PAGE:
Although this is a heavily disputed area of the law, the generally accepted test for joint employer liability considers whether two or more employers exert direct and immediate control over the same employees such that both employers can be said to share or co-determine the essential terms and conditions of employment. Whether a joint employer relationship exists is a fact-specific determination and can depend on many factors including, but not limited to, whether the putative employer has control over the employee’s wages, hours, or terms and conditions of employment.
 
Public Agencies as Joint Employers
County of Ventura concerned the employees of 17 privately owned medical clinics under contract with the Ventura County Medical Center to provide medical services. The case began after Ventura County refused to process a petition by the Service Employees International Union to represent the clinic employees. Despite owning and operating VCMC, the County maintained that the privately owned clinics were the employees’ sole employers. The Court of Appeal rejected Ventura County’s position.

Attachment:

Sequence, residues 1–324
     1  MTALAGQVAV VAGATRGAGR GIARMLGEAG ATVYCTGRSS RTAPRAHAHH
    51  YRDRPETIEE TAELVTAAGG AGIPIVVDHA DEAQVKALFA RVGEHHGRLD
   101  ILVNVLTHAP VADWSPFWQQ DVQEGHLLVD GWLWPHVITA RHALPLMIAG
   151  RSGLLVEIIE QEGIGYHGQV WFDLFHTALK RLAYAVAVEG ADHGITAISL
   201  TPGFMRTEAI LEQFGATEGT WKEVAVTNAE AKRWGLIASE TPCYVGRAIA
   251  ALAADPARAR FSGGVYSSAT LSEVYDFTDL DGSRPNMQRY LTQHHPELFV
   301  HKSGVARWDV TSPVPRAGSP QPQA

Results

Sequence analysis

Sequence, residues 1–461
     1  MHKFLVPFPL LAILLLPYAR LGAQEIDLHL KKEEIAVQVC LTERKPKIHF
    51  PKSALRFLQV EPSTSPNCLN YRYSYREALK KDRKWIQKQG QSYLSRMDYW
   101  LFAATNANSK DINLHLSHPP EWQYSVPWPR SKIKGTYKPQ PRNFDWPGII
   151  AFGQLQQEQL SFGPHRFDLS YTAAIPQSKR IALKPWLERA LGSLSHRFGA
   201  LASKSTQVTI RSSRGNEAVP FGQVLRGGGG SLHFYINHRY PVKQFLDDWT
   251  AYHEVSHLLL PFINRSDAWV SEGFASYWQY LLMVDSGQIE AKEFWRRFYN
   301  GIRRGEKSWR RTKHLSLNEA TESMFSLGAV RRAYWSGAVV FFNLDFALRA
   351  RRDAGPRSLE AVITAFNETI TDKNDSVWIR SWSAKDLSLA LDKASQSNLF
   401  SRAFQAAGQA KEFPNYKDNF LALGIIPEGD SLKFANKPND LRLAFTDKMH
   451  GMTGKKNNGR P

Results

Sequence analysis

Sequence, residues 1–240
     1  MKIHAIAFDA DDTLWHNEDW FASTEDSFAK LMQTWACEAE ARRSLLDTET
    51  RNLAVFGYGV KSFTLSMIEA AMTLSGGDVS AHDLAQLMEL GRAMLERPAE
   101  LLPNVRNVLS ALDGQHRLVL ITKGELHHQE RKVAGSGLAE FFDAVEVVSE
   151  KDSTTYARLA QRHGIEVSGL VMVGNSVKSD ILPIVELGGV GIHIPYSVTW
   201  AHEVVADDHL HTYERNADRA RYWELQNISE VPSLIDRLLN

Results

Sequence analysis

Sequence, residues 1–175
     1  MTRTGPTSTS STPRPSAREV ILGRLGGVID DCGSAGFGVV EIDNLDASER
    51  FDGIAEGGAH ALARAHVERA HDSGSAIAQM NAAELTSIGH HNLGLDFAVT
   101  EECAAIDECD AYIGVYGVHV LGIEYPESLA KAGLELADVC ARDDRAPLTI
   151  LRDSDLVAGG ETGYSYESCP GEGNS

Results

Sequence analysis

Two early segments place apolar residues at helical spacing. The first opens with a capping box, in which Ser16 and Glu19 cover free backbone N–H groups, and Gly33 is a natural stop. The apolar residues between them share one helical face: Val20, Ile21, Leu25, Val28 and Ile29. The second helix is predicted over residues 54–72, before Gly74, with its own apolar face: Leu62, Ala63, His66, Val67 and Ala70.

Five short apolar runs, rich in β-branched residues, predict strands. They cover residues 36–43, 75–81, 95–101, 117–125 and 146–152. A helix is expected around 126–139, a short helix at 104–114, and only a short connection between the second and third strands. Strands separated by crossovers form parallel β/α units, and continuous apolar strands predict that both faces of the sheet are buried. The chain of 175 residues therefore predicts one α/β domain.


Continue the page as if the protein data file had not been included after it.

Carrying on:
In finding Ventura County to be the clinic employees’ joint employer, the court examined the financial relationship between the County and the clinics, the County’s role in managing the clinics’ day-to-day operations, and how the County characterized its relationship with the clinics in its Medi-Cal and Medicare reports.
 
The following facts, among others, were cited by the court as facts supporting its joint employer finding: